RD- an actual child support client
"My case was handled quickly and with ease."
01/10/2014
RD- an actual child support client
"My case was handled quickly and with ease."
01/10/2014
“Prospective clients may not obtain the same or similar results.”
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Understanding the Custody Process

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Family in need of attorney

The Gainesville Child Custody Attorneys of the Law Office of Alba & Yochim P.A. know that for most parents, having an issue over a custodial matter can be stressful in and of itself, let alone trying to understand the legal processes and procedures involved in attaining resolution. In practice, we have found that it is often helpful for parents to view child custody matters in a more simplistic manner.

In particular, knowing the meaning and significance of some basic terms—proceeding, commencement, determination, modification—can greatly assist parents in understanding the custody process.

Proceeding

A proceeding is defined as:

“A lawsuit; all or some part of a cause heard and determined by a court, an Administrative Agency, or other judicial authority. Any legal step or action taken at the direction of, or by the authority of, a court or agency; any measures necessary to prosecute or defend an action.”

A legal proceeding is defined as:

“acquiring a benefit, interest, or right by enforcing a remedy, action or procedure established by court decision.”

In family law matters involving custodial or parental rights, A child custody proceeding, as defined by section 61.503(4) of Florida Statutes means:

“a proceeding in which legal custody, physical custody, residential care, or visitation with respect to a child is an issue. The term includes a proceeding for divorce, separation, neglect, abuse, dependency, guardianship, paternity, termination of parental rights, and protection from domestic violence, in which the issue may appear. The term does not include a proceeding involving juvenile delinquency, contractual emancipation, or enforcement under ss. 61.524-61.540.”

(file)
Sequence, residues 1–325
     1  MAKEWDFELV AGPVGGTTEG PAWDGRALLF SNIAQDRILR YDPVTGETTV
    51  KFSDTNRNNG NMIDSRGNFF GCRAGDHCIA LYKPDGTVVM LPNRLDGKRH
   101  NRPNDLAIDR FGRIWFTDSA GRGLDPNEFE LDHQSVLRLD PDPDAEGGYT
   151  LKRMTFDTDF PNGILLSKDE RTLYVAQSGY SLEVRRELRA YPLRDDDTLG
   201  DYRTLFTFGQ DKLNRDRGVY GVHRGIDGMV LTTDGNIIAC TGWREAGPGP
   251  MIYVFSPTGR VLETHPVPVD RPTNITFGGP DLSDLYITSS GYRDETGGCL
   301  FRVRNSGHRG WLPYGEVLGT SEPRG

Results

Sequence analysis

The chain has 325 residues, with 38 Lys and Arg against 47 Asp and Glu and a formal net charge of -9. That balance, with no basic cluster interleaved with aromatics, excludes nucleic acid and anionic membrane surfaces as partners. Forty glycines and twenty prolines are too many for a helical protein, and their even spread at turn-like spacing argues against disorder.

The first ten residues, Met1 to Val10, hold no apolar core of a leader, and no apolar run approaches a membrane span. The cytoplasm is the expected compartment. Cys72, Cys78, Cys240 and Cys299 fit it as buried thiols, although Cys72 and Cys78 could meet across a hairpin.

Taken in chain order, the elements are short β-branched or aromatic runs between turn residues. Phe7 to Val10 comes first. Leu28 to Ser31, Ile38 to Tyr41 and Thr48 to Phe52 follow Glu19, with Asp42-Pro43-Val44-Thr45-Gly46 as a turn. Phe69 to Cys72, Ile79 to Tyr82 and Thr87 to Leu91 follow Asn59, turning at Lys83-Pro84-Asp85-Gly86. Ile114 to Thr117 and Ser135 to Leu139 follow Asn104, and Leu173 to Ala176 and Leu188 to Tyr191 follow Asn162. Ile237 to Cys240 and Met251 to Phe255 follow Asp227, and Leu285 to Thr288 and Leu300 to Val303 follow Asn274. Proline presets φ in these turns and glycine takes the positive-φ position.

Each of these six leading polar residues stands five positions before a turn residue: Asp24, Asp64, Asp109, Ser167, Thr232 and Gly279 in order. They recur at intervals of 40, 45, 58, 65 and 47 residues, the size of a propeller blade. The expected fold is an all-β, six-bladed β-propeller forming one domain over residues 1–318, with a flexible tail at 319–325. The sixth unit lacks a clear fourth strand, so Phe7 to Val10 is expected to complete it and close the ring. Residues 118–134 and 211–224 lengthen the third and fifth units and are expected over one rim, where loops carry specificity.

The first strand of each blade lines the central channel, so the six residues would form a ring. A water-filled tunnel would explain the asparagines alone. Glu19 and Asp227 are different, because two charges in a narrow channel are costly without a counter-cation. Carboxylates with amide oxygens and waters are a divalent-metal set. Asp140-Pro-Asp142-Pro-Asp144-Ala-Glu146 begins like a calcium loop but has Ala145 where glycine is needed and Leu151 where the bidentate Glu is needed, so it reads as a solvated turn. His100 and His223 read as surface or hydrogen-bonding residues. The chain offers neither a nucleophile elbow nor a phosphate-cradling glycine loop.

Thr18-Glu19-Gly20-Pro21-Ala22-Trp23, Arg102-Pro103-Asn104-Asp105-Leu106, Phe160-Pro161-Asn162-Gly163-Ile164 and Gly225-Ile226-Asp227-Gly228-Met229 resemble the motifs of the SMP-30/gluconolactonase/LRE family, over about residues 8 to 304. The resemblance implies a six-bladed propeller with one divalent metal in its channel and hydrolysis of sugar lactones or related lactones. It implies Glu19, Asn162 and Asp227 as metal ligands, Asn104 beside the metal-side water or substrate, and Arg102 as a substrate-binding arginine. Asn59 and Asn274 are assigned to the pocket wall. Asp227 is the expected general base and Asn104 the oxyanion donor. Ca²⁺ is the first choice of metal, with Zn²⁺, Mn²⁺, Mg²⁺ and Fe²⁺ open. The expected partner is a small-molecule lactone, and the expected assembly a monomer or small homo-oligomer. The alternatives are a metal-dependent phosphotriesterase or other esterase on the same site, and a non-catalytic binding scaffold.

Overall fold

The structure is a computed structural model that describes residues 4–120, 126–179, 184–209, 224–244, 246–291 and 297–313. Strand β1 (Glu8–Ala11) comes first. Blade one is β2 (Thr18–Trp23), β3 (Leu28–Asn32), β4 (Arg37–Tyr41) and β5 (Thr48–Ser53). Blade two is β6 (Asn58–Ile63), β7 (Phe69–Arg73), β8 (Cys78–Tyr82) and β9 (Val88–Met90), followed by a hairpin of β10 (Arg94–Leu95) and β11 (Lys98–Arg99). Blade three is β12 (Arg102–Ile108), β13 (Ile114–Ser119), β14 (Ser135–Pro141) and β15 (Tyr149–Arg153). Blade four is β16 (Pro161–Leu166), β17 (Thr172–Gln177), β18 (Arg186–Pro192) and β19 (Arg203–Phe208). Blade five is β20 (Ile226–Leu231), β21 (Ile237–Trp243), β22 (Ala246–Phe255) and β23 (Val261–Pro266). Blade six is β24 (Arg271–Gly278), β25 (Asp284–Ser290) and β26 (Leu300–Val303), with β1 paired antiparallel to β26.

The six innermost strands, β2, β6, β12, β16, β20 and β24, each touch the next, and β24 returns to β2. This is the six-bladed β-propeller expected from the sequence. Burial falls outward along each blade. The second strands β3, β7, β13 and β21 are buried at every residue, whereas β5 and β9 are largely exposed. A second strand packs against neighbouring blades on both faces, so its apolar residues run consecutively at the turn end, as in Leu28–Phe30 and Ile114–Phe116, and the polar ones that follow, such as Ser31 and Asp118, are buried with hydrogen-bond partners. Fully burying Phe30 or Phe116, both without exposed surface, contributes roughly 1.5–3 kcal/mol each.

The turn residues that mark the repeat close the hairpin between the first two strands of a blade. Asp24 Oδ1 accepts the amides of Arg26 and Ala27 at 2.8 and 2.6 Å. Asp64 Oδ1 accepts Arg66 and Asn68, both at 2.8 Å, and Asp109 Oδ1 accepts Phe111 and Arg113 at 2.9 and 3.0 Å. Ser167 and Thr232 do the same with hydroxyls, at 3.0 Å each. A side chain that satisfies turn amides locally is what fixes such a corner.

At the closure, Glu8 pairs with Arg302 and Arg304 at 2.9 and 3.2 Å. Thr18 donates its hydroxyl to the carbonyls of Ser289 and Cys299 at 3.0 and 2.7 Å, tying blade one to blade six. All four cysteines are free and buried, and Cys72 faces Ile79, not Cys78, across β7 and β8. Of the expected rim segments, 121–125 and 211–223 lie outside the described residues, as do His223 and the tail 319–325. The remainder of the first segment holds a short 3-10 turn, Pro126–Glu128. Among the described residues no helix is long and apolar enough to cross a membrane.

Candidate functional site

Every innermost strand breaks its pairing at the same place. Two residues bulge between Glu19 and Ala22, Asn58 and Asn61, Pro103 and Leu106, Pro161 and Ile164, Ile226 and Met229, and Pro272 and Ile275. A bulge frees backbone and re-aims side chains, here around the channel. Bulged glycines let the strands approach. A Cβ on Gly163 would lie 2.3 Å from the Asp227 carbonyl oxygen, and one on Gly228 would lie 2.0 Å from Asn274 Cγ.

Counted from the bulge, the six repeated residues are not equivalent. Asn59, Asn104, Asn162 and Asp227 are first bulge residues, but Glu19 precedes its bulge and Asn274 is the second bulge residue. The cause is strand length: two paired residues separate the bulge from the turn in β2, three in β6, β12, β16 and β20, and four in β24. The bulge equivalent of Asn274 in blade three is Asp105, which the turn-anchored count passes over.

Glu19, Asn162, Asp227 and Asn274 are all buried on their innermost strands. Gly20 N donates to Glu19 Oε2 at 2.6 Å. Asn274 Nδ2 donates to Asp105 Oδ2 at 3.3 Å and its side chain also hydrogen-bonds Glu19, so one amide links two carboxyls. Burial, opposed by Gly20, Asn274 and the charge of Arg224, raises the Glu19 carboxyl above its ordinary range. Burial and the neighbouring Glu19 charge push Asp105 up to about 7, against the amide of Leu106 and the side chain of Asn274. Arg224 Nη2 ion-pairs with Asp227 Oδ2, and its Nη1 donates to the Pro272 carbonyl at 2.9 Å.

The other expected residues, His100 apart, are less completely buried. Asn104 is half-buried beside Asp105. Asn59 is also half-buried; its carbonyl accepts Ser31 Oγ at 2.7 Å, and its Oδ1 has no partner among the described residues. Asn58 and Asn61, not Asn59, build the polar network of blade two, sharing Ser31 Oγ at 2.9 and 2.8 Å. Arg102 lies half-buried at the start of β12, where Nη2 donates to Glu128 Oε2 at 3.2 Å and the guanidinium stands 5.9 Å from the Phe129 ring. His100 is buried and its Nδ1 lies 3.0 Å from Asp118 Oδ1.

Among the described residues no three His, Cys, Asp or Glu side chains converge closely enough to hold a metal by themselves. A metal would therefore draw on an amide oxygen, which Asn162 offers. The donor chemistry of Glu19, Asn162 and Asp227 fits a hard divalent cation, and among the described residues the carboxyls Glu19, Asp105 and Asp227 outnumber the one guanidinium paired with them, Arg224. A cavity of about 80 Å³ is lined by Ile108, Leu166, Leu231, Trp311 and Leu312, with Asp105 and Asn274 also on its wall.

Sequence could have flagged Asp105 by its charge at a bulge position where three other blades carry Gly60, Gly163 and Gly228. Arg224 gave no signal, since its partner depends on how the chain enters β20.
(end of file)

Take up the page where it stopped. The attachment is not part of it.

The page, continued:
Commencement

Often time, parental disputes regarding the custody of child occur long before the parents ever seek legal intervention. However, commencement of custody matters, in the legal setting, refers to “the filing of the first pleading in a proceeding.” See, Fla. Stat. §61.503(5). In other words, a child custody proceeding is commenced when a parent, or prospective parent, files the initial document pertaining to a child with the court. See also, ‘Jurisdiction and Venue.’

While the definition of commencement may seem fairly straightforward, parents should keep in mind the limitations of parental rights prior to commencement. In example, consider the rights of a father in cases where the parties were never married, no father is listed on the birth certificate, paternity has not been established, and the only undisputed fact is that the mother gave birth to a child. In this scenario, failing to commence a child custody proceeding, can have a number implications both in regard to financial support, as well as time-sharing and access to the child.